By Bill Citara
By Laine Doss
By Laine Doss
By Carina Ost
By Valeria Nekhim
By Hannah Sentenac
By Carina Ost
By Carla Torres
Revitalizing a restaurant is one of the most difficult tasks a proprietor faces. Once a place earns any kind of a reputation (good or bad), it's hard to alter; ad campaigns or lower prices aren't likely to change the dining public's established perceptions. One popular ploy is simply to rename the restaurant, while retaining the same staff, management, and menu, betting that the illusion of newness will be sufficient to attract the inquisitive.
Sometimes this tactic actually works. Phoenicia, a Lebanese restaurant on Coral Way and 28th Avenue last reviewed by New Times in 1990, intrigued me when it became Aladdin. Relishing the rare opportunity to dine in a new Middle Eastern eatery, I visited.
As it turned out, owner Marcel Manassa renamed his establishment two months ago, not because business was bad, but because the Latin community that comprises his neighborhood had trouble pronouncing Phoenicia. A 22-year veteran of the restaurant business (eleven in Miami, preceded by an equivalent stint in Caracas), Manassa chose Aladdin for its Arabian -- and Disney -- associations. As added insurance, he rewrote the menu and redecorated the 58-seat restaurant, laying down a new carpet and hanging (you guessed it) polished brass lamps on the walls.
For Lebanese magic, Aladdin -- the restaurant, not the movie -- certainly bears watching. A jovial Manassa pops out unexpectedly from his kitchen, like a genie from a lamp, bestowing smiles and witty conversation on his dinner guests. He stopped at our table to apologize for running out of the meatless stuffed grape leaves, one of the appetizers we had ordered, and suggested that we might enjoy the traditional version (with meat). We took his advice, and we weren't sorry. Though my recent experiences with grape leaves have been unpleasant (they can be tough and greasy, with a rancid flavor), Aladdin's were mild and tender, rolled around warm, finely ground beef and rice. Dipped in laban (plain homemade yogurt), this hors d'oeuvre was an auspicious beginning.
The fact that Aladdin's list of mezze (appetizers) was nearly as extensive as the assortment of entrees made for difficult decisions. We settled on the familiar baba ghannouj, a puree of broiled eggplant, sesame oil, garlic, and lemon. Though the delicious, smoky spread was too freely dressed with olive oil, the pita bread served alongside helped counteract that. Bright purple turnips decorated the dip, adding a touch of neon to the plate.
Ful medames, an unattractive but nearly addictive combination of rich, brown fava beans, ground chickpeas, garlic, and lemon was also too slick, but the mixture had a wonderfully dark and fruity undertone. Plump fava beans had a creamy texture, which contrasted nicely with the coarser chickpeas; the lemon's citrus scent and taste lent a refreshing, graceful top note.
Overdoing the legume family is a given when dining on Lebanese fare. Still, the lentil soup, a thick broth, chunky with chewy lentils, potatoes, celery, and minced onions, was perfectly salted and seasoned. Served as a side dish with some of the entrees, the soup is worth an a la carte investigation in its own right.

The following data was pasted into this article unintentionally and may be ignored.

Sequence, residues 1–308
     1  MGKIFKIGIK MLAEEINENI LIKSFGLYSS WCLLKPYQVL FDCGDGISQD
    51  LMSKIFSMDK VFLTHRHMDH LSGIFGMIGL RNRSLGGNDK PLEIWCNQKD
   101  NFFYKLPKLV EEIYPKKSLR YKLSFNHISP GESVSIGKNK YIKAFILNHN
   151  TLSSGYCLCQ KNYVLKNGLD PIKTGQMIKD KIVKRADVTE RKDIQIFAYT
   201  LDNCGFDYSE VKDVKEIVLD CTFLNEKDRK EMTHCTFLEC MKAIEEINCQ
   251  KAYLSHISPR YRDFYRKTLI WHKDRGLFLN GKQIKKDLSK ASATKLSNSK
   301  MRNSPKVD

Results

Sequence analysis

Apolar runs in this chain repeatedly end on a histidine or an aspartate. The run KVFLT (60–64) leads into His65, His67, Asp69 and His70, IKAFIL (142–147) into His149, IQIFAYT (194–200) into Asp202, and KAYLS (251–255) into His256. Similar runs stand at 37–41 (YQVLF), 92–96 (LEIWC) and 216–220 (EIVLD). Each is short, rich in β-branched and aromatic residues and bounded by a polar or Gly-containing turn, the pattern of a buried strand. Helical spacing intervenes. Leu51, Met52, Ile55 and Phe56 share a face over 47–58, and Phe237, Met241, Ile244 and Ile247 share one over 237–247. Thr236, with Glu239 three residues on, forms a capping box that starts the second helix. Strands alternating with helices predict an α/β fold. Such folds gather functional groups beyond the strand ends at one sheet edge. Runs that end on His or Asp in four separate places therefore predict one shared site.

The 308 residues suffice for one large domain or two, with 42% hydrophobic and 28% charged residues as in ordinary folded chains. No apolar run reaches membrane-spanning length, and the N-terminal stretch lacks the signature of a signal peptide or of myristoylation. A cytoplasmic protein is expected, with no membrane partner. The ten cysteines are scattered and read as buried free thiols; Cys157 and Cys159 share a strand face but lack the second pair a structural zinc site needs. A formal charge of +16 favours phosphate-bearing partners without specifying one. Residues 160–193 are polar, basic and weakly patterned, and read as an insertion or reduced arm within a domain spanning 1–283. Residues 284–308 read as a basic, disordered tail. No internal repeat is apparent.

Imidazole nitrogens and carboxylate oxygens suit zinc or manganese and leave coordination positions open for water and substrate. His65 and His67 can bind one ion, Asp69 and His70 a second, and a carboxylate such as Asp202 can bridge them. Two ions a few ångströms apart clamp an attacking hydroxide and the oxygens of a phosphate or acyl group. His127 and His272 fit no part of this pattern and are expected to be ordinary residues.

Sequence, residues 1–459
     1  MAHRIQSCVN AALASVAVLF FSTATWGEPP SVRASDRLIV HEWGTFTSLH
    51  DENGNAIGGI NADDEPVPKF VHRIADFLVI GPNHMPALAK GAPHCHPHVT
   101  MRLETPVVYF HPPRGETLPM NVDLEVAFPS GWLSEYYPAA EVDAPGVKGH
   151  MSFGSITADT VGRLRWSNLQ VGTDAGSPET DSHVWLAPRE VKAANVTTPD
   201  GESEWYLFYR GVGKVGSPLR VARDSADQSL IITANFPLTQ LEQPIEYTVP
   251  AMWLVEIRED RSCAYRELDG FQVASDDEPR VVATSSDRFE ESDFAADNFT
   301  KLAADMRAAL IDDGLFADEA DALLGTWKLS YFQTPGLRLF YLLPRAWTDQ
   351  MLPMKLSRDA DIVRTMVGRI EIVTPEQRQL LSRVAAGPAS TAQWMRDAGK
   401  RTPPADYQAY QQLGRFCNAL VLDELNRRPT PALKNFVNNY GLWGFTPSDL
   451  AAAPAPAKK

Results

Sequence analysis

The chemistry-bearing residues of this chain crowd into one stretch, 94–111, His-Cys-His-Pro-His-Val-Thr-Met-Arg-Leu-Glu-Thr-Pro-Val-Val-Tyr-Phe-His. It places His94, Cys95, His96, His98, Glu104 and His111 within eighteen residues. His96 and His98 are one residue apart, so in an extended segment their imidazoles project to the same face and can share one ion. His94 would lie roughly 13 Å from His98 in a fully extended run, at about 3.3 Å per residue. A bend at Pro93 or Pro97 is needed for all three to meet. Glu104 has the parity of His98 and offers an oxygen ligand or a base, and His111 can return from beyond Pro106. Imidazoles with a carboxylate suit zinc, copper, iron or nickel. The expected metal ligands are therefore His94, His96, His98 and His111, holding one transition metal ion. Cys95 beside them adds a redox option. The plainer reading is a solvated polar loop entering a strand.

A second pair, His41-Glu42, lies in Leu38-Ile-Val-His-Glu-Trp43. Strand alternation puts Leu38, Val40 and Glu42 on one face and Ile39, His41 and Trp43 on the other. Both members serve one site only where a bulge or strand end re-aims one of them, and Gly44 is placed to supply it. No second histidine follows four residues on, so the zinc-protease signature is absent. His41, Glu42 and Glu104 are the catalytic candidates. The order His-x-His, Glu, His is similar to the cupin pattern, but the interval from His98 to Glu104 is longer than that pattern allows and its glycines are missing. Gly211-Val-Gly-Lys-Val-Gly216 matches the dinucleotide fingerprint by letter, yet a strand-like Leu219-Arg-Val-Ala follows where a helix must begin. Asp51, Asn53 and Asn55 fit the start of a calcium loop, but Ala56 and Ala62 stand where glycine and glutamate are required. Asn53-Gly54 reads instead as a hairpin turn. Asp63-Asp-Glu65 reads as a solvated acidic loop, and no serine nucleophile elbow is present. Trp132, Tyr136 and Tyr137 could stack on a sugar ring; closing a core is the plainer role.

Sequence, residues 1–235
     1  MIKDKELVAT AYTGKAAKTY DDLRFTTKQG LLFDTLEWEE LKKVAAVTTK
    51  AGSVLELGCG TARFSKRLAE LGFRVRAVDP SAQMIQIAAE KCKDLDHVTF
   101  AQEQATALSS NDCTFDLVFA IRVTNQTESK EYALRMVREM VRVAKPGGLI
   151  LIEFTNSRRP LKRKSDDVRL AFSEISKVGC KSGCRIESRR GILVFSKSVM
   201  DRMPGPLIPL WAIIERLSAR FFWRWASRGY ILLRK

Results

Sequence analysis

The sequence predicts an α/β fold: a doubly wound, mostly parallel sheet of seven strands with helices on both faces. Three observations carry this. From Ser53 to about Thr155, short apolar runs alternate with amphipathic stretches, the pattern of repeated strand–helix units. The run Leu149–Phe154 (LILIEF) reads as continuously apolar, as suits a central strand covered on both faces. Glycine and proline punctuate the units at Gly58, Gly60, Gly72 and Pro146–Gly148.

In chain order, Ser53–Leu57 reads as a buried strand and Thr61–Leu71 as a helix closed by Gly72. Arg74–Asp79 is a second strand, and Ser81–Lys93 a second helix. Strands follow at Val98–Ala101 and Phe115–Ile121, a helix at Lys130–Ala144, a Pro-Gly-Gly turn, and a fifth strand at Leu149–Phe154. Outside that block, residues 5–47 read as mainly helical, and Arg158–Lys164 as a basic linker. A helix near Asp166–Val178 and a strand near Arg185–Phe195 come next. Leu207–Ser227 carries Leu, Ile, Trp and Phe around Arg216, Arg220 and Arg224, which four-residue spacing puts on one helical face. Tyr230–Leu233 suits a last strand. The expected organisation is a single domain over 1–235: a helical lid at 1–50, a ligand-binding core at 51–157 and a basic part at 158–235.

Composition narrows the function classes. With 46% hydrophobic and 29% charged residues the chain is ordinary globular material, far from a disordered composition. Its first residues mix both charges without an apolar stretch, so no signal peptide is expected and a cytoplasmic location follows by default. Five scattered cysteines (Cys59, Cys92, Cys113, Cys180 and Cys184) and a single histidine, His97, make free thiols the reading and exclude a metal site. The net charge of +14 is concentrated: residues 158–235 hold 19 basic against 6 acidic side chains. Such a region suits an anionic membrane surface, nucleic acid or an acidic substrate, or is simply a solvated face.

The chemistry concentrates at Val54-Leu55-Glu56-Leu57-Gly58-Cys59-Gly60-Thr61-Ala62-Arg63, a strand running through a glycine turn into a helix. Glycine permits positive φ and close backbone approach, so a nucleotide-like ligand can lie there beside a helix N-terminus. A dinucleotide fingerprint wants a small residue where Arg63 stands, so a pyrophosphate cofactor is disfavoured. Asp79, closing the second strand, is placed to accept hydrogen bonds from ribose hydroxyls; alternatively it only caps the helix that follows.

Like the appetizers, entrees were all good-size portions. We sampled the combination special, comprising one chicken, one kafta (beef), and one shish (lamb) kebab. Out of the three, the chicken was perhaps the most succulent, boneless chunks marinated in spices, skewered, and charcoal-broiled to a juicy consistency. Lamb was a flavorful close second, the tender meat exhibiting just the right amount of resistance. Only the beef, ground with onions and reshaped into a log before broiling, was dry. Tasty grilled onions topped all the kebabs; a scoop of bland Lebanese rice pilaf and the lentil soup were the other accompaniments.
Couscous was another likable combination, the steamed wheat almost hidden by the generous chunks of beef (without bones) and chicken (with bones), chopped onions, and chickpeas, garnished incongruously with slices of hamburger-style pickle chips. A savory brown gravy drenched the whole dish, which my companions and I agreed was similar in taste to our mothers' briskets.
Sheikh el mehchi was perhaps the most deft preparation. Four two-inch-thick large rounds of purple-skinned eggplant were stuffed with a combination of ground beef, pine nuts, minced onions, and a handful of spices including cinnamon and cumin. The vegetable was baked to melting readiness, then served with a light blanket of tomato sauce on top and plain Lebanese rice on the side.
Dessert is presented in the manner of a British tea: A three-tiered pastry tray is set in the middle of the table and you help yourself. Baklava and asabieh (small tubes), both made with phyllo dough, pistachio and cashew nuts, and a syrup derived from sugar, lemon juice, and orange-blossom water (as opposed to the Greek version, which utilizes walnuts and honey), provided a crunchy, buttery finish to a fine meal. There might not be any supernatural magic in this Aladdin, but if you visit in search of hearty Lebanese food, your wish almost certainly will be granted.